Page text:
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One third of junior drugs are not tested on children sparking demand for  probe

  • Official study calls for urgent  investigation after ‘high number of drug errors’
  • 95 per cent of all hospital medicines for  babies affected

By Jo Macfarlane

PUBLISHED:16:00 EST, 1  September 2012| UPDATED:16:00 EST, 1 September 2012

Untested: A third of medicines for children are not tested on minors
Untested: A third of medicines for children are not  tested on minors

Children are being prescribed unlicensed  medicines that could be causing harm, a report has warned.

The Government study is demanding an urgent  investigation into  the ‘unacceptable’ fact that almost a third of drugs  given to sick children are officially approved for only adult use.

It warns of ‘a high number of drug errors’ in  which children may be wrongly prescribed too much of a medicine because the  doses are meant for adults.

Historically, pharmaceutical companies have  not had an obligation  to test medicines on youngsters. The law  changed in  2007 and new drugs coming to market must now be tested on  children before they  can be used on them.

But this still means about 30 per cent of  drugs prescribed to under-18s – and up to 95 per cent of drugs given to babies  in intensive care – have  never been tested on children.

These include common antibiotics,  painkillers, asthma inhalers and cancer medicines.

The use of unlicensed drugs is so common that  many parents will  not even  be told that their child  is receiving  medication ‘off-label’.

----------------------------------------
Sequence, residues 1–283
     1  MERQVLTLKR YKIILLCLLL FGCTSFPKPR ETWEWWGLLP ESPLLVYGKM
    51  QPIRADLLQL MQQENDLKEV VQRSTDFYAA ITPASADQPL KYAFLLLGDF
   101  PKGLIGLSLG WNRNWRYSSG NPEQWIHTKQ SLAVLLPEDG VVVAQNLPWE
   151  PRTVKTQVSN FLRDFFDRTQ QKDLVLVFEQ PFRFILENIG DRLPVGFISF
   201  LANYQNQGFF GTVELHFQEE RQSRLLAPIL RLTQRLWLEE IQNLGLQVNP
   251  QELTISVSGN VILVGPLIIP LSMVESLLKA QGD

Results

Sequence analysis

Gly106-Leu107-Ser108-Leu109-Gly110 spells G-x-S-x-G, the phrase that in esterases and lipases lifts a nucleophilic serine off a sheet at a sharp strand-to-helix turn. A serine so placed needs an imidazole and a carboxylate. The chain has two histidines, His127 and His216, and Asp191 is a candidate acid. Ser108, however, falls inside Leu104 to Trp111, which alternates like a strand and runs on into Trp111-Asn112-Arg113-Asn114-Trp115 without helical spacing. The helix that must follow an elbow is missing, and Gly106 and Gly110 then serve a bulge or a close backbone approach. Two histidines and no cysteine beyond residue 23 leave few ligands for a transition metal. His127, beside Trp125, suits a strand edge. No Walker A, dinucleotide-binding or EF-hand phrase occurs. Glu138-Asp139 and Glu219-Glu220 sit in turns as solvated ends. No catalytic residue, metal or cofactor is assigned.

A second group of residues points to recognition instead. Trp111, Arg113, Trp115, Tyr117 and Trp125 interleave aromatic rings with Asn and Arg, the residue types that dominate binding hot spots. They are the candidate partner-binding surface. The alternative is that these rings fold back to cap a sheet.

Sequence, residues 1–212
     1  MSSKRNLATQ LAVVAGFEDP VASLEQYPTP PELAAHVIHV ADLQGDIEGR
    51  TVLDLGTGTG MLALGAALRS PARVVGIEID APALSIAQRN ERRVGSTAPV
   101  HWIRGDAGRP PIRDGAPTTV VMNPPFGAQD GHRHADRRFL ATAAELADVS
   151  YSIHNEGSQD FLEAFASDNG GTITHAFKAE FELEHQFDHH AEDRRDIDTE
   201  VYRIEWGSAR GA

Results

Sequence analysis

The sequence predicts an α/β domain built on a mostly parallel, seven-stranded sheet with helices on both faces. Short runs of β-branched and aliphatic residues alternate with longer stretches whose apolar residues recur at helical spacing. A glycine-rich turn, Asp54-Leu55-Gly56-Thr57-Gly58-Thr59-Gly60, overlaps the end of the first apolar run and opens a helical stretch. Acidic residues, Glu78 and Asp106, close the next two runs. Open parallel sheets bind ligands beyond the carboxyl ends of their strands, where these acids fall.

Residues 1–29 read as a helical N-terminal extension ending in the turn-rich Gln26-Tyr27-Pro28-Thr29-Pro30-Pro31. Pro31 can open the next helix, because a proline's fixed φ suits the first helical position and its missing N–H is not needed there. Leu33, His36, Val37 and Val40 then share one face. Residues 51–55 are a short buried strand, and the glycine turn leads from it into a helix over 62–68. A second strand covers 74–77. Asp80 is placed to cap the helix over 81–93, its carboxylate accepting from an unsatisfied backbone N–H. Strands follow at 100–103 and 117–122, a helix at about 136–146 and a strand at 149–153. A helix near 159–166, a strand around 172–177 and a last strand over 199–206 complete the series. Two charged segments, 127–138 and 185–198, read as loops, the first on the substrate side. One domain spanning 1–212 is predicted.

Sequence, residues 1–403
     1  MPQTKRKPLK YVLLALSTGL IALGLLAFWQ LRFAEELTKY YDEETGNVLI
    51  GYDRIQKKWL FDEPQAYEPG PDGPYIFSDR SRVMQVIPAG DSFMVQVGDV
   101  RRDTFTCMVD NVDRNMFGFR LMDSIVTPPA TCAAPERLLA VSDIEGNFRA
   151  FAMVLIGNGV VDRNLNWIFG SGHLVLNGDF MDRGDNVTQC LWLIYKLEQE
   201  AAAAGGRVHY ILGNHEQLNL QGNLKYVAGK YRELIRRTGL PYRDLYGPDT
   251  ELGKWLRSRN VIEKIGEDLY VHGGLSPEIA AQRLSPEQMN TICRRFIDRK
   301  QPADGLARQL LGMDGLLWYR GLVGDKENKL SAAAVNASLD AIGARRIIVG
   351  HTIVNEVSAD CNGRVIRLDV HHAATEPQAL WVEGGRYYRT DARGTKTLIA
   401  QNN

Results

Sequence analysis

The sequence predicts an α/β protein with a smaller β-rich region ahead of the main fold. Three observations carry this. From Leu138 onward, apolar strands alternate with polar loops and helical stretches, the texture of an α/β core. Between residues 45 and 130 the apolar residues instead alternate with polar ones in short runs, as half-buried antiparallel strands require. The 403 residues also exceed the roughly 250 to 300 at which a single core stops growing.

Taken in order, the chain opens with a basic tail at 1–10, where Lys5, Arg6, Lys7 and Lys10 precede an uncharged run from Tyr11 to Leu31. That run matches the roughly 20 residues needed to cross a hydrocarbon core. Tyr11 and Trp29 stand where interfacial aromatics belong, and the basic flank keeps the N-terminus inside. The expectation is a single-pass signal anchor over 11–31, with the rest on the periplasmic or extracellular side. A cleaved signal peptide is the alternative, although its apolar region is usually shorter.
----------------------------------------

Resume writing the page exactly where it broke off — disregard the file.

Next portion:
Over-the-counter medicines designed for  children – such as Calpol and Nurofen for Children – which parents can buy from  high street pharmacies are not affected.

The report, commissioned by the  Department  of Health and written by leading child health experts, warns  that unlicensed  medicines may be causing side effects that could be  going unreported.

It is  calling for an investigation by the  drugs watchdog, the Medicines and  Healthcare products Regulatory Agency,  because it is not known how many  children may potentially have been harmed – or  how much it is costing  the NHS.

Open wide: Junior medicines face new questions after the Government study
Open wide: Junior medicines face new questions after the  Government study

The report, from the Children and Young  People’s Health Outcomes Forum, says: ‘New medicines account for a relatively  small percentage of those used by children, and those introduced before [the  2007] legislation largely remain unregulated and, critically, therefore possibly  untested formally in children.

‘This contributes to the high number  of drug  errors and leads  to wider implications – including  the fact  that  the National Institute for Health and Clinical Excellence will not  give advice  on unlicensed medicines and this limits the guidance that  they can offer on  care for children.’